Speakeasy’s ‘team’ shines in ‘The Curious Incident’

Craig Mathers, Jackie Davis and Eliott Purcell in “The Curious Incident of the Dog in the Night-Time.”
Photo: Nile Hawver/Nile Scott Shots

BOSTON – In sports parlance, “The Curious Incident of the Dog in the Night-Time” is a total team effort.

The Speakeasy Stage Company production of the Tony Award-winning play by Simon Stephens at the Calderwood Pavilion of the Boston Center for the Arts is the rare occasion when director, cast and designers work in perfect balance, their talents complementing and enhancing each other’s work.

The credit starts with Speakeasy Artistic Director Paul Daigneault, who directed, but also at the head of the line is Eliott Purcell, the promising young actor already recognized for his bravura performance in Speakeasy’s “Hand to God” earlier this year and almost assuredly to be recognized once again for this performance as 15-year-old Christopher John Francis Boone of Swindon, England.

His Christoper is bit more reserved than the way others have played the character, but no less effective in conveying the quirks and frustrations that are a huge part of his daily existence. We are never actually told what he suffers from, possibly a mild form of autism, perhaps Aspberger’s Syndrome, but it dramatically affects how he processes the world around him and his relationships with others.

He doesn’t like to be touched and his behaviors cause him to be misunderstood by police officers and others, but he’s also a whiz at math and he keeps detailed journals of what’s going on around him.

He comes upon a dog named Wellington that has been killed with a garden fork, and Christoper, who likes dogs and liked Wellington, is curious and determined to find out who did it, despite strict orders from his father not to pry into the business of others.

One of the themes Stephens and the novel by Mark Haddon explores is how the stress of caring for a child with a serious disease or special needs – such as an autistic child – can fracture or further stress a relationship already in trouble.

Craig Mathers is caring, decent but beleaguered father Ed, who is betrayed by wife Judy (Laura Latreille), herself a caring sort but frustrated and overwhelmed in trying to provide for Christopher and his needs.

One day he informs Christopher that his mother is sick and due to a heart problem has gone to the hospital for a long stay, but visiting her is out of the question. Then one day out of the blue his mother has died, and what Christopher discovers in the aftermath will send his world spinning out of control.

The design team shines throughout, but it is particularly effective in portraying the sensory overload Christoper encounters on the busy streets of London as he makes what is, for him, an incredible journey from Swindon to London. He summons every ounce of his will and courage to overcome the obstacles life has put before him, on the way discovering a strength he – and his parents – never knew he possessed.

He will also discover other truths, such as who killed Wellington and the fact that adults often lie, and can be cruel and manipulative.

The set by Christopher and Justin Swader recalls other productions, featuring black, silver and white, with what appears to be mathematical equations written with white marker or chalk, set against an upstage wall with cut-out portion and square panels.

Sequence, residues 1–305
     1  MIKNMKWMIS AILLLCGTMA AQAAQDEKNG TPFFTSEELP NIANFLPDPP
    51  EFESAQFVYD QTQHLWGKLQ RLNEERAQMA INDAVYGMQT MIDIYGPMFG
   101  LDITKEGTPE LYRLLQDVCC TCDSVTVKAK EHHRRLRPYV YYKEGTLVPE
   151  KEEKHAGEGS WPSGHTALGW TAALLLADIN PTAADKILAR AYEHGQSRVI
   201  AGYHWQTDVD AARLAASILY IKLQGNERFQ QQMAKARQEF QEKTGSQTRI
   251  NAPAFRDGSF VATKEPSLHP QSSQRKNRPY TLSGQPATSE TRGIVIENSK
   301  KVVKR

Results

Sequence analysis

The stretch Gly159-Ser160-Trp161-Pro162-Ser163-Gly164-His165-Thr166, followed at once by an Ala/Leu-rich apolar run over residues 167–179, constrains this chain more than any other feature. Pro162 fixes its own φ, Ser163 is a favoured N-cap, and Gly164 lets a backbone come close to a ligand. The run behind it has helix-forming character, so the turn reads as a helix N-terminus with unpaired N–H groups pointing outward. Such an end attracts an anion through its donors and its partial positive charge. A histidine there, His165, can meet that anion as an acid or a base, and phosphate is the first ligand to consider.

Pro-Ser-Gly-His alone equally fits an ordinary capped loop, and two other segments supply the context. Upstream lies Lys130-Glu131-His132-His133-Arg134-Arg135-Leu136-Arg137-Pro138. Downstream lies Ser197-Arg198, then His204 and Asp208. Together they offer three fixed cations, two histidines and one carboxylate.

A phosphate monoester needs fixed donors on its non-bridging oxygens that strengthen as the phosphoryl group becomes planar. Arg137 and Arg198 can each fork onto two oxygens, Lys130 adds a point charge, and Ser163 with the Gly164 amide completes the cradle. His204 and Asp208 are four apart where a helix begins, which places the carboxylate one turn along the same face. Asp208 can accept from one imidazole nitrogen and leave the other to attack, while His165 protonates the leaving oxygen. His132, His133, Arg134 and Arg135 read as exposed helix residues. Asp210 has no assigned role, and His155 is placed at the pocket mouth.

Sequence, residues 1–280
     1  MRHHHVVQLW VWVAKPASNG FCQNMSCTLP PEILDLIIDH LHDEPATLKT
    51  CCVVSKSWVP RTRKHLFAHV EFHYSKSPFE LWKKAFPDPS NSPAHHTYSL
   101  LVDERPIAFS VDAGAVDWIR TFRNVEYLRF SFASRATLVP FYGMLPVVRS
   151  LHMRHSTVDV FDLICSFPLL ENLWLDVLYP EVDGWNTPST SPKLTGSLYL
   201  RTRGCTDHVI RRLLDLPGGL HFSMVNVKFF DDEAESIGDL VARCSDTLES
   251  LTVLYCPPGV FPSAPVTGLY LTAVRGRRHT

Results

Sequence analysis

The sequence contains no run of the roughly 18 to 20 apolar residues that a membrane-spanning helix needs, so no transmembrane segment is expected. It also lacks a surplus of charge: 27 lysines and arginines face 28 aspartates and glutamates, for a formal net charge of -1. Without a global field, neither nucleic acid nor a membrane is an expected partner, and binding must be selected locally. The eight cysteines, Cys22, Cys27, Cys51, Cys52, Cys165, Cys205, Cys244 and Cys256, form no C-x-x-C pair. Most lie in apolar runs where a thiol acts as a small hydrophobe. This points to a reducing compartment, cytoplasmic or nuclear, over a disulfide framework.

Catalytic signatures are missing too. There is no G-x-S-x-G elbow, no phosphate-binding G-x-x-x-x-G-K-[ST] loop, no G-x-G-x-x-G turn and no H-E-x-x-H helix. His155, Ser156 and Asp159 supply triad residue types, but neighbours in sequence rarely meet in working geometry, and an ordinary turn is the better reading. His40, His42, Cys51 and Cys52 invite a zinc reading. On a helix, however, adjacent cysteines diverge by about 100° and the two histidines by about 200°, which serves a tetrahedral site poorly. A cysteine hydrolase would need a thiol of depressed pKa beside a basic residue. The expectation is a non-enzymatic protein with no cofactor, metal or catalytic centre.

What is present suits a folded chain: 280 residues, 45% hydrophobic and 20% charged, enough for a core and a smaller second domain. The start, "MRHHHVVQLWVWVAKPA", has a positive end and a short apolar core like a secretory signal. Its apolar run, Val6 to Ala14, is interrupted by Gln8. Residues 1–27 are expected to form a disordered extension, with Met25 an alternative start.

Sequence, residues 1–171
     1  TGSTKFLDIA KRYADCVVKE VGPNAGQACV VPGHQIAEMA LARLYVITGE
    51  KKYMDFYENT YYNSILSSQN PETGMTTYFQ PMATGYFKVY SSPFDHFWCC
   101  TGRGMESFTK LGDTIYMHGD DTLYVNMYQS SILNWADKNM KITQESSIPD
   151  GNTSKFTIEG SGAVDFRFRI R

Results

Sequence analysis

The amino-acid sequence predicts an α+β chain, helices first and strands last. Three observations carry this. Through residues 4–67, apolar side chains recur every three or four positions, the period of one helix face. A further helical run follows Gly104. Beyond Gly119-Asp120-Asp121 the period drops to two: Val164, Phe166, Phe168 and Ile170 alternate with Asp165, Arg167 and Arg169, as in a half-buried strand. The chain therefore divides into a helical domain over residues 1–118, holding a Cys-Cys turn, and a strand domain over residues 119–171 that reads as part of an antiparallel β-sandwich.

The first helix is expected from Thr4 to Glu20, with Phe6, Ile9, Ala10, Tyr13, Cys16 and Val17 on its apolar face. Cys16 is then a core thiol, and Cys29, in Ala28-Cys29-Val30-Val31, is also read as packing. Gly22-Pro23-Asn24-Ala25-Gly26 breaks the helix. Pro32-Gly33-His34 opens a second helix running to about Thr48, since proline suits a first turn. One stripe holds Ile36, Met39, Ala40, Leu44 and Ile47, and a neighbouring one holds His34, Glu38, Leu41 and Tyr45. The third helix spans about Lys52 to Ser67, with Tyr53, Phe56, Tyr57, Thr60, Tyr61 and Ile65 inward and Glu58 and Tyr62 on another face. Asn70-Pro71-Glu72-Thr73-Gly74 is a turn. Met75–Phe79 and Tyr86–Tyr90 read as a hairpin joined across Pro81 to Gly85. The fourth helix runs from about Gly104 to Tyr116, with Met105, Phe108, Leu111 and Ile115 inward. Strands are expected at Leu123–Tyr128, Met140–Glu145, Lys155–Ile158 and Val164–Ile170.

When combined with Jeff Adelberg’s lighting, with several different kinds of lights situated all around the set, and David Remedios’ startlingly effective sound, it conveys the world as Christopher sees it, an overwhelming array of confusing sights and sounds that he struggles to make sense of.

The rest of the cast backing the leads is just as effective. Jackie Davis is Siobhan, the supportive, encouraging teacher who reads Christoper’s journals and urges him to allow the school to make them into a play.

An excellent ensemble performs dozens of supporting characters as well as serving as human props when needed, working in perfect tandem with their movements exquisitely directed by Yo-El Cassell.

Tim Hackney is Roger Shears, the man Judy takes up with. Cheryl McMahon is a a sympathetic neighbor and Christine Power shines as the smarmy principal Mrs. Gascoyne and an embittered Mrs. Shears. Alejandro Simoes, Damon Singletary, Tim Hackney and Gigi Watson are equally as strong in a variety of roles.

There is a plot thread involving Christopher possibly taking A level math exams – usually taken by 17 or 18-year-olds — that will need to be resolved. Will he take them? Will he pass them? Will he find some happiness?

Despite the turmoil and trouble that seem omnipresent in Christopher’s life, “A Curious Incident” is ultimately an uplifting, inspiring tale of what can be accomplished when you set your sights high, and when those around you are also trying to lift you up to reach those heights.

It is a beautifully realized production, and a tribute to the excellence that Boston’s mid-sized professional theaters frequently produce.

The Speakeasy Stage Company production of Simon Stephens’ “The Curious Incident of the Dog in the Night-Time.” Based on the novel by Mark Haddon. Directed by Paul Daigneault. Movement direction by Yo-El Cassell. Scenic design by Christopher and Justin Swader. Lighting design by Jeff Adelberg. Costume design by Gail Astrid Buckley. Sound design by David Remedios. Props design by Joe Stallone. At the Calderwood Pavilion of the Boston Center for the Arts through Nov. 25.  speakeasystage.org

Laura Latreille and Eliott Purcell in “The Curious Incident of the Dog in the Night-Time.” Photo: Nile Hawver/Nile Scott Shots